By Richard Levine
Yesterday I attended the sixth North American Forest Insect Work Conference, a meeting that has been held every five years since 1991. This one is taking place in Washington, DC and ends on Friday, June 3, 2016. The meeting brings together regional forestry groups, including many from the USDA Forest Service, whom I estimate represent about 25 percent of the participants.
Tom Tidwell, chief of the USDA Forest Service kicked off the event during his keynote address about why the work of forest entomologists and others is so important.
“Why should Americans care about healthy forests and grasslands?” he asked. “Well, if you don’t breathe air or drink water, then you shouldn’t care. But if you do breathe air and drink water, then you should. If you want clean air and water, you have to have healthy forests and grasslands.”
Forests also have recreational value for campers, hunters, and hikers, not to mention the economic value that is generated by these activities and the jobs that they create. Unfortunately, according to Dr. Tidwell, the threats posed by invasive insects and diseases will inevitably increase in the future due to increased international trade and climate change.
Unfortunately, the funding to manage these threats is decreasing, according to Monica Lear, director of Forest Health Protection at the USDA Forest Service. The proposed budget devoted to forest pests for 2017 is about $92 million, down from $104 million in 2014 and 2015.
Carlton Owen, the third plenary speaker and president of the U.S. Endowment for Forestry and Communities, believes that the answer could lie in biotechnology. Genetically modified trees that are resistant to viruses and other forest pests could help to restore tree populations, some of which have been decimated in recent decades.
For example, take the American chestnut tree, which used to be the dominant tree in the eastern United States. They were so big that they were sometimes called “the sequoias of the east.” The wood was excellent and could be used to make houses, railroad ties, and cabinets, and the edible nuts were eaten by people and fed to livestock.
But in the late 1800s these mighty trees began to disappear due to a fungus called Cryphonectria parasitica, which causes a disease called chestnut blight. Today, large, healthy American chestnut trees are rarely seen.
However, modern plant breeding techniques may help to restore American chestnuts and other trees in the near future, according to speakers at a symposium called “Off-the-shelf Kits for Saving the World’s Forests. Available Now!” The symposium, which was organized by University of Florida entomologist Jiri Hulcr and his PhD student Caroline Storer, discussed current and future technologies, how GMOs are currently regulated, and how the general public perceives them.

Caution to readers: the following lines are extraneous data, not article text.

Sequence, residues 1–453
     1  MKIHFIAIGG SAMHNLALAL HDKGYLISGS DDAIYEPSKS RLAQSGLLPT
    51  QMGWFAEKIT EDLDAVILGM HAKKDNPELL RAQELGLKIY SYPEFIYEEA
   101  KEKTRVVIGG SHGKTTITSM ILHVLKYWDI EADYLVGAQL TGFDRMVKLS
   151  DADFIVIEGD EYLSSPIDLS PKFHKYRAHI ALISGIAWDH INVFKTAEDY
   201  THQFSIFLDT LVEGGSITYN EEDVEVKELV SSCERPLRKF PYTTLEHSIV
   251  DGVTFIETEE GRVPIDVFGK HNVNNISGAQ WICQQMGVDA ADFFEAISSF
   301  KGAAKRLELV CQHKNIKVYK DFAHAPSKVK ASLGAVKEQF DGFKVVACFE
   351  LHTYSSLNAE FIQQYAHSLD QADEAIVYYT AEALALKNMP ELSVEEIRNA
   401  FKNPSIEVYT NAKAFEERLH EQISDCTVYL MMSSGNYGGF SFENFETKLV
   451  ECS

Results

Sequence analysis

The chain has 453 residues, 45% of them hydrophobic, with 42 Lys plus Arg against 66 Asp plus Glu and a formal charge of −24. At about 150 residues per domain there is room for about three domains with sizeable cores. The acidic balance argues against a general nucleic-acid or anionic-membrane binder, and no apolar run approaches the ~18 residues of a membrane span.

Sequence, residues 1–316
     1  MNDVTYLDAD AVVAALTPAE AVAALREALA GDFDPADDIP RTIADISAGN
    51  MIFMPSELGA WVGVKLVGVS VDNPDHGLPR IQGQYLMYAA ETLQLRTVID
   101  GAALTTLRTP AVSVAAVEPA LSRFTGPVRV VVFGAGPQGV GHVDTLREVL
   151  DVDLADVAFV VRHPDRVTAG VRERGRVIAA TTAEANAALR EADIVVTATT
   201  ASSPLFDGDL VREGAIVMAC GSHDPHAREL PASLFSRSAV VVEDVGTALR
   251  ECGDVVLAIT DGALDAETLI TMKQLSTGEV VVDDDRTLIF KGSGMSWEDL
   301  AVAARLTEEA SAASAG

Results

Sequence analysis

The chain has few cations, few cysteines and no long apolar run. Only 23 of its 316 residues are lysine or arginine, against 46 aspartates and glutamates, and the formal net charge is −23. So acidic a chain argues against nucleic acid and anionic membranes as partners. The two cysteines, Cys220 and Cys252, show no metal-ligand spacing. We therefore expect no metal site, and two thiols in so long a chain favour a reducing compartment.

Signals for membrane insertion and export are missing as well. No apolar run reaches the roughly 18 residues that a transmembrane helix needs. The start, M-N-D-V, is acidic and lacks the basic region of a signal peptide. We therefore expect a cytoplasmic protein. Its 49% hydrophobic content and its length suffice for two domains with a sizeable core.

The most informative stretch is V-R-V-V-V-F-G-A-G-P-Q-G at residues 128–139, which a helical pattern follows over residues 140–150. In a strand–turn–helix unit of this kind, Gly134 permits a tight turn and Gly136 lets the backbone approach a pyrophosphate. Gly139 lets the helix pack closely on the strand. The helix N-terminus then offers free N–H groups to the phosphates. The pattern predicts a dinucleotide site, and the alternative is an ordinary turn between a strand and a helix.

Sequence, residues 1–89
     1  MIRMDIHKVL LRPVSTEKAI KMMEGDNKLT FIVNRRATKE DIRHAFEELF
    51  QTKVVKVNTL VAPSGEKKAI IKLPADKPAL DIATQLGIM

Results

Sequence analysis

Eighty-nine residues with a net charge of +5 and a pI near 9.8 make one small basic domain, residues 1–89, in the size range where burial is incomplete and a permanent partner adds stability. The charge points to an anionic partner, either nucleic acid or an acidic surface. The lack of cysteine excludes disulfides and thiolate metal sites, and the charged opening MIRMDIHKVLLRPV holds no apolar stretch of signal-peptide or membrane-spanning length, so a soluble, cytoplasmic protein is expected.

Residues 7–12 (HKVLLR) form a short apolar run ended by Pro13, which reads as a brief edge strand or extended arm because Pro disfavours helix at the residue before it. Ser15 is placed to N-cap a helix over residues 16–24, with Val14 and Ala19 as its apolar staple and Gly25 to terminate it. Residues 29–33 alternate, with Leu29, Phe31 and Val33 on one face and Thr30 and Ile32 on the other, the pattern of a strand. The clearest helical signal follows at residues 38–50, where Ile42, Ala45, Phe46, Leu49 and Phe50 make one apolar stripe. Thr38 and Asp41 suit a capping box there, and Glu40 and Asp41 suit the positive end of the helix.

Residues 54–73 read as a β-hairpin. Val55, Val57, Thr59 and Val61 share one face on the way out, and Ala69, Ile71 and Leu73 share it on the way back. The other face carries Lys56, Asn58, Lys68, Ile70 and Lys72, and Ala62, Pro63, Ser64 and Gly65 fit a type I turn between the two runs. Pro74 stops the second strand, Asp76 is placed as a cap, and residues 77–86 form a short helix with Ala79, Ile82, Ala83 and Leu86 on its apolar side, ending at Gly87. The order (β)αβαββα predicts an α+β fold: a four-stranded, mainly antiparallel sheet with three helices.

During a presentation called “Transgenic Blight-resistant American Chestnut Trees Demonstrate Potential for Restoring Threatened Species after Invasions by Exotic Pathogens,” Andrew Newhouse, a PhD student at SUNY-ESF, explained work that is being done on American chestnuts, eastern hemlocks, ash trees, walnut trees, and American elms.
Scientists determined that a gene found in wheat, called OxO, can enhance resistance to fungi. OxO, which is also found in bananas, strawberries, barley, and other plants was then introduced into the American chestnut, and, according to Newhouse, “IT WORKS!” Trees with the OxO gene that were first planted in 2006 are resistant to blight, and they do not require fungicides or other chemical treatments. Instead, the OxO gene works by producing an enzyme called oxalate oxidase that is found naturally in many food crops and is consumed by billions of people each day.
Newhouse also talked about the use of biotechnology in ash trees, tens of millions of which have been destroyed by an invasive beetle known as the emerald ash borer. Starting in the 1950s, a bacterium called Bacillus thuringiensis, or Bt, has been used by organic farmers as a natural insecticide. The Bt bacterium produces proteins that are toxic to certain insects, but are safe for human consumption, and for nearly 20 years farmers in the U.S. have grown corn, soybeans, cotton, and other crops that were modified to produce Bt proteins. The USDA Forest Service has also conducted research on Bt ash trees, and, according to Newhouse, some have shown resistance to emerald ash borers and to Japanese beetles.
While the scientists at the symposium were optimistic about the potential benefits these technologies hold, they also discussed regulatory and societal factors that may make them difficult to implement. Alison Adams, an environmental sociologist at the University of Florida, talked about “Public Trust in Science and Genetic Modification Technology,” and Adam Costanza, president of the Institute of Forest Biosciences, gave a presentation called “Biotech vs. Forest Pests: An Uneven Fight.” The opponent in his “uneven fight” was public perception, not forest pests, because of uncertainties about GMOs. The regulatory process is also burdensome, according to Costanza, because current regulations were developed 30 years ago, and the process takes a very long time and can be very expensive.
“In risk assessment, too much emphasis is put on ‘What might happen if we use a new technology?'” he said. “But we should also ask, ‘What will happen if we do not use it?'”
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Richard Levine is Communications Program Manager at the Entomological Society of America and editor of the Entomology Today Blog.